The simulation yields axial temperature profiles for the bed, the gas and the inner and outer walls, see Figure 2. In addition, axial phase compositions of the bed and gas flows are calculated. Figure 3 on the left shows typical results for a pre-calcined cement kiln [2]. They show accumulation of sulfur and chlorides (introduced by the coal fuel) in the kiln and the cyclones. In general the results can be used to optimize fuel consumption with different material feed capacities and to study the effect of using various types of fuels [3]. Other uses are optimizing the gas circulation and various energy factors, including the kiln geometry. KilnSimu is also well suited for kiln scale-up.

Among the many processes for whose modelling Kilnsimu was already employed, the following ones may be highlighted:

  • Production of activated carbon
  • Production of alumina
  • Production of Cement (Cement kiln)
  • Calcination of clay (aluminium production)
  • Calcination of coke
  • Calcination of limestone (also Lime kiln in pulp and paper making)
  • Calcination of TiO2 (white pigment) [4]
  • Production of lithium carbonate from spodumene (in lithium battery production)
  • Recycling metals in general
  • Reduction of ilmenite
  • Reduction of zinc dust (Waelz kiln)
  • Reduction of laterite ore (Ferronickel production)
  • Waste incineration
  • Waste&Wood pyrolysis

With KilnSimu it is also possible to build and simulate a flowsheet containing several different kinds of unit operations commonly used with rotary kilns. These are: Cooler, Calciner, Cyclone, Mixer and Splitter. Cooler is a grate kiln where air is blown from the bottom of the cooler through the grates and the bed in a cross-current fashion. Calciner is a vertical riser duct where the bed is fluidized with gas. The Cooler and the Calciner are also divided into a number of control volumes in a similar way as in the rotary kiln. Cyclone, Mixer and Splitter are simple flow separation, mixing and splitting unit operations where the temperature of the outlet flow can be solved based on an energy balance. With these unit operations, it is possible to simulate for example an NSP cement process containing several cyclones, calciner, rotary kiln and clinker cooler. All unit operations, their parameters such as geometries and feed flows and the flowsheet connections are defined in Excel worksheet tables. There is also a separate GUI for KilnSimu implemented using the ExtendSim(R) simulation software [1].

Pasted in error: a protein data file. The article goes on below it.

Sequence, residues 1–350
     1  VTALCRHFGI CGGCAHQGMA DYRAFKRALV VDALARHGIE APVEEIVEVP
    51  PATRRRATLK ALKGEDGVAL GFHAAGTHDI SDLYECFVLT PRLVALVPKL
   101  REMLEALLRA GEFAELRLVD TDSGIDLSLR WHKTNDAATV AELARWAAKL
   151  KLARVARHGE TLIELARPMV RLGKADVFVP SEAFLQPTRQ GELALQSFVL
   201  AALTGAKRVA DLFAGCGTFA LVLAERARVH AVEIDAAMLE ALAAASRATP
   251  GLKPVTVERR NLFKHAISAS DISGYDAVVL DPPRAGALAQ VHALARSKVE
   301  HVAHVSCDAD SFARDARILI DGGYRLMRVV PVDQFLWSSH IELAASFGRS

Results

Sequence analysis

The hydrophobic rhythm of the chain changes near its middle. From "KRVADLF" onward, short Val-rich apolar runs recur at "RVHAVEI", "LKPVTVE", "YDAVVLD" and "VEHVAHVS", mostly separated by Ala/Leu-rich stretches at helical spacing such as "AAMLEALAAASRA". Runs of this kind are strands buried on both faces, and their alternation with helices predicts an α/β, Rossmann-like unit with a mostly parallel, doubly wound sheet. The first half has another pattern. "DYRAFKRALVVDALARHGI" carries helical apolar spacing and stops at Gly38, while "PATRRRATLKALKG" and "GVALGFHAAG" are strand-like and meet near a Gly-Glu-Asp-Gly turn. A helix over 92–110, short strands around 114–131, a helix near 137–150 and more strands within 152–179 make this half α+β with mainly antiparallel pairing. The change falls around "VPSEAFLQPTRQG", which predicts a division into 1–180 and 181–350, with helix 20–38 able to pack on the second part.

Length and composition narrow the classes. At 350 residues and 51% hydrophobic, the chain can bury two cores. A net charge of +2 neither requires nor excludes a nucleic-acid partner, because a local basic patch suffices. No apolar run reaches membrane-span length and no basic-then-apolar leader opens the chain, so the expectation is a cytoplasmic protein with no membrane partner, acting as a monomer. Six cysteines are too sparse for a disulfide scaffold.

Figure 3

If you would like to obtain more details about Kilnsimu, the list of references below contains links to the corresponding articles.

Additionally, you may also contact us by visiting our contact page here!



[1] Penttilä K, Kangas P, Koukkari P, Toropainen T (2017) Advanced Thermochemical Process Model of Rotary Kilns: Kilnsimu. International Chemical Recovery Conference, ICRC 2017 – Halifax, Canada

[2] Penttilä K, Yokota M (2009) Kilnsimu and Cement Application. Advanced Gibbs Energy Methods for Functional Materials and Processes. VTT Technical Research Centre of Finland, Espoo, pp 103-116

[3] Penttilä K, Vettenranta A (2019) Modelling of non-process elements in a lime kiln burning renewable product gas. Nordic Flame Days 2019 – Turku, Finland

[4] Ketonen M, Penttilä K, Koukkari P (1997) Simulation Studies of a Calcination Kiln Process. 1997 European Control Conference (ECC) – Brussels, Belgium, pp 723 729

Additional publications

“Computation of steady state thermochemistry in rotary kilns: Application to the cement clinker manufacturing process”

“Development of Simulation Technology for Cement Manufacturing Process”